The commercial aviation industry has achieved an enviable record of safety, but accidents still occur. In roughly two-thirds of aircraft accidents, aviation's human link receives the blame, and the proportion of accidents attributed to human error has not changed appreciably in 20 years. Most human error that leads to accidents surfaces in the performance of flight crews and air traffic controllers. The strategies used to address human error can be placed in two categories: introduction of technology that reduces the role of humans in the system and changes to the system and training suggested by human factors considerations. The pursuit of these approaches has largely become distinct, but they are both characterized by several basic assumptions. Both technologists and human factors specialists attribute human error to human fallibility and accept in varying degrees the inevitability of human error. Both accept the notion that humans are the most unreliable element in aviation. Both place emphasis on flight crews and air traffic controllers. Supporters of both approaches hold doubts as to the value of the other; in particular, the technologists view human factors as being too untidy to be the basis of design. The system that fails in an aircraft accident can be divided into animate (human) and inanimate components. If assumptions are reconsidered, there are mechanisms by which the inanimate system can contribute to causing the human error that leads to accidents. There is a spectrum of possible accident causes between the extremes of entirely human error or entirely inanimate system malfunction. Current interventions are heavily weighted toward the human error end of the spectrum, but this paper suggests an additional approach to interventions that alleviates system problems that cause human errors.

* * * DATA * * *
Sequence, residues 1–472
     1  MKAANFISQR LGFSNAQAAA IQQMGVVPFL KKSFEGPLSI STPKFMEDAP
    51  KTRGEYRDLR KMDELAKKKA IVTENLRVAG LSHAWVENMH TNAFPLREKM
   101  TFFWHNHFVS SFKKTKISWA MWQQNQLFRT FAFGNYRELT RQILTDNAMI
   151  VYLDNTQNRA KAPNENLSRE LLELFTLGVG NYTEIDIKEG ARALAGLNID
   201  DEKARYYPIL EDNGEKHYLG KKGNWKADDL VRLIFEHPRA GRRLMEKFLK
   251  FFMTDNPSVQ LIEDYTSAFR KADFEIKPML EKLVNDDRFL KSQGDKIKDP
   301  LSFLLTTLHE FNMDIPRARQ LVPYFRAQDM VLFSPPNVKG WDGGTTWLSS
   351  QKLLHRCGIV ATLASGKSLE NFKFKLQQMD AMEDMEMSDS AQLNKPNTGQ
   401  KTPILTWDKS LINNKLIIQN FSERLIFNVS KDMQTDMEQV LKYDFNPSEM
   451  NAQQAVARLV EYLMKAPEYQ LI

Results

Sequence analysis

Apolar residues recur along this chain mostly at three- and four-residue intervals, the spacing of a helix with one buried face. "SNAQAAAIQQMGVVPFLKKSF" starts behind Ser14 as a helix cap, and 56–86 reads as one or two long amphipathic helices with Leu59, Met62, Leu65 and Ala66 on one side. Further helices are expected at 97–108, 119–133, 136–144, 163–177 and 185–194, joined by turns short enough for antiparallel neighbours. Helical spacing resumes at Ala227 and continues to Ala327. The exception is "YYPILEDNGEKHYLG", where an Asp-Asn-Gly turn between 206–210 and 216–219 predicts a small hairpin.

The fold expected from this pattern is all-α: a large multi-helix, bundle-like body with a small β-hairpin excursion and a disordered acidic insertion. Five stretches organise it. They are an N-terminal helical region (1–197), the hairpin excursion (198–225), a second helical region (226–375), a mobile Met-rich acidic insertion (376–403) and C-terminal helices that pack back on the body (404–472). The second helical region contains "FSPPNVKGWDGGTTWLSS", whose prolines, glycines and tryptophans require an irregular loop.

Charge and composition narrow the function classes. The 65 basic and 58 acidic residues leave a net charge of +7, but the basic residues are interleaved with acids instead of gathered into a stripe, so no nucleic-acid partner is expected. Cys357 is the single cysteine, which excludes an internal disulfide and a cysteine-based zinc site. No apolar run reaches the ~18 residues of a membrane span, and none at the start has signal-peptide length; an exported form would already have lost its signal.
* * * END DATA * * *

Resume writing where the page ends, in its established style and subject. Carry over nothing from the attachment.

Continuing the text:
Media Info

  • Features: Figures; References;
  • Pagination: p. 33-42
  • Monograph Title: Public-Sector Aviation Issues. Graduate Research Award Papers 1989-1990
  • Serial:

Subject/Index Terms

Filing Info

  • Accession Number: 00611989
  • Record Type: Publication
  • ISBN: 030905107X
  • Files: TRIS, TRB
  • Created Date: Aug 31 1991 12:00AM